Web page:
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Mad Monk
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Stephen Chow and Ng Man-Tat play around in Heaven in Mad Monk.
Year: 1993
Director: Johnnie To Kei-Fung
Action: Ching Siu-Tung
Cast: Stephen Chow Sing-Chi, Maggie Cheung Man-Yuk, Anthony Wong Chau-Sang, Ng Man-Tat, Kirk Wong Chi-Keung, Lo Hoi-Pang, Chan Wai-Man, Philip Chan Yan-Kin, Wong Yat-Fei, Bau Hei-Jing, Lau Kong, Yuen King-Tan, Gabriel “Turtle” Wong Yat-San, Anita Mui Yim-Fong
The Skinny: Chaotic and less effective than most of Stephen Chow's work, but not without its amusements. Chow mugs up a storm, and the supporting cast is largely fine. However, this is one of Chow's least charismatic roles, and that makes all the difference here. An entertaining, but decidedly lesser Stephen Chow flick.

Review
by Kozo:
Stephen Chow ridicules inferior folk - that is, anyone not named Stephen Chow - in the chaotic, but still somewhat entertaining Mad Monk. A 1993 comedy directed by Johnnie To, Mad Monk features Chow in one of his typical roles. He plays the arrogant, but amusingly mischievous god Dragon Fighter Lo Han, who spends his time in Heaven revealing the petty hypocrisies and ridiculously self-important ways of his fellow gods. Either that, or he simply likes being a smartass, a talent that eventually gets him in trouble. Thanks to his wacky ways, Lo Han is sentenced to spend his next ten lifetimes as an animal, but the Goddess of Mercy Kuan-Yin (Anita Mui in a cameo) commutes Lo Han's sentence with certain conditions.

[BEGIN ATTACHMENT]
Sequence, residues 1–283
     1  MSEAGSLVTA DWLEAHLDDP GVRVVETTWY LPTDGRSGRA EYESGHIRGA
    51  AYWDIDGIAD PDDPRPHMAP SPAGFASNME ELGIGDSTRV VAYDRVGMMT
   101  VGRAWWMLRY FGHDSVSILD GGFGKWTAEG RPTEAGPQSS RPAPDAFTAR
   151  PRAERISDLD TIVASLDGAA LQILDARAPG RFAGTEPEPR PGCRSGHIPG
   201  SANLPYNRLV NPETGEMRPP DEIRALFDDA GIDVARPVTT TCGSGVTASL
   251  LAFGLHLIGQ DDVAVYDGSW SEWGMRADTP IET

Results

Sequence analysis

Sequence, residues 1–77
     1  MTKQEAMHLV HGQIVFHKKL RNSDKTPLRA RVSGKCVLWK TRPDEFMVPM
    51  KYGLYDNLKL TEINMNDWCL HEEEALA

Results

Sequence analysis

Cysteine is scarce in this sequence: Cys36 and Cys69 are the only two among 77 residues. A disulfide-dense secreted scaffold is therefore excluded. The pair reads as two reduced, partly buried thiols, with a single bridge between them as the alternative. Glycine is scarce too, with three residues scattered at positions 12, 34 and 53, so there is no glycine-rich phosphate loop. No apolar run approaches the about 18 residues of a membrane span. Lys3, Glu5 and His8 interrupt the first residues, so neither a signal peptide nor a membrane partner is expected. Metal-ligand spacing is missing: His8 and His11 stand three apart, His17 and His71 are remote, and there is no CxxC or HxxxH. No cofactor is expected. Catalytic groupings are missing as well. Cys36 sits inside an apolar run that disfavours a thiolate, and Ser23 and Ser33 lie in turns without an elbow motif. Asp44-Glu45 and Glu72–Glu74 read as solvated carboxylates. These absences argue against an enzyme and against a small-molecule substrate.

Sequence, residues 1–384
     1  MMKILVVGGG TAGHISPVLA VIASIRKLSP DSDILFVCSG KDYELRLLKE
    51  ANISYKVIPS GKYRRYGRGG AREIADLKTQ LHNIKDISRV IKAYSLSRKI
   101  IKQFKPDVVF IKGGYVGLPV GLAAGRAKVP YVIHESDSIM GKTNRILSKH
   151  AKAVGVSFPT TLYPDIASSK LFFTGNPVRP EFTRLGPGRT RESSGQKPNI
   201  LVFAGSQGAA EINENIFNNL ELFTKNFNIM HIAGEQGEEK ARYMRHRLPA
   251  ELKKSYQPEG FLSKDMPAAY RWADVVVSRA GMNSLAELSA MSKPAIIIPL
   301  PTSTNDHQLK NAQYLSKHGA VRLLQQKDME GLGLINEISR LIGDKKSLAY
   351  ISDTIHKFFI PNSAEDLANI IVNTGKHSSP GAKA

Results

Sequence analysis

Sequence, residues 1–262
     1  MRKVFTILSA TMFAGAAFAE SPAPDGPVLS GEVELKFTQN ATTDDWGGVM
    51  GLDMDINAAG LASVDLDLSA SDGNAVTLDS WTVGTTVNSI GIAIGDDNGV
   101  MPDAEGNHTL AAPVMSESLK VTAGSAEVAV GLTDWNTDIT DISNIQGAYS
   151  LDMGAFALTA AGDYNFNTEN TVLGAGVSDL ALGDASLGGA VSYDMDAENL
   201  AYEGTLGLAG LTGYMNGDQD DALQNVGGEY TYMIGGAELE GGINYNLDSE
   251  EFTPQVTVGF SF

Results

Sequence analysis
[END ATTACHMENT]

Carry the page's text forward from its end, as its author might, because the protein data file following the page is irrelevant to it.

Here's the deal: Lo Han must go to Earth as a mortal monk, and must convince three eternally cursed individuals to give up their dead-end ways and change their fates. The three charity cases: an incorrigible prostitute (Maggie Cheung), an eternal beggar (Anthony Wong), and a brutal killer (Kirk Wong, director of Crime Story). If Lo Han can save them, i.e. alter their fate such that their next reincarnation is not the same profession as their last, he'll earn his way back to Heaven. Lo Han isn't supposed to use any magic on Earth, but thanks to the collusion of a couple of Heavenly buddies (Ng Man-Tat and Wong Yat-Fei), he gets a magic fan that can access magical powers three times daily. The problem: the three individuals are tough nuts to crack, and there are supernatural (read: evil) forces working against him. Can Lo Han save these souls, fight off giant demon Heh Lo-Sha, and still spend time needling everyone else?

This is a Stephen Chow movie, so of course he can! As usual, Chow is at his best when he's haranguing and harassing, and generally acting superior to the lesser beings around him. Those who enjoy watching Chow bully his way through a motion picture should be pleased by his Mad Monk antics. What isn't so pleasing is the film's seemingly haphazard plot, which relies heavily on wordplay, cultural references, and a breakneck pace that puts Initial D to shame. The occasional break for some fantasy action (courtesy of Ching Siu-Tung) helps a bit, but overall Mad Monk is one chaotic motion picture. Chow is less charismatic than usual, as his character lacks the human foibles that make him an endearing comic wiseacre. Thankfully the film possesses some solid performances (especially from the delightful Maggie Cheung), and some effective emotion that makes the cheapo-SFX finale an oddly satisfying blowout. Mad Monk is unfortunately not one of Stephen Chow's greats, as it possesses less charm and comic surprise than many of his more agreeable works. Still, those hankering for a Stephen Chow fix - and have seen everything else available on DVD - might find Mad Monk to be required viewing. (Kozo 1996/2005)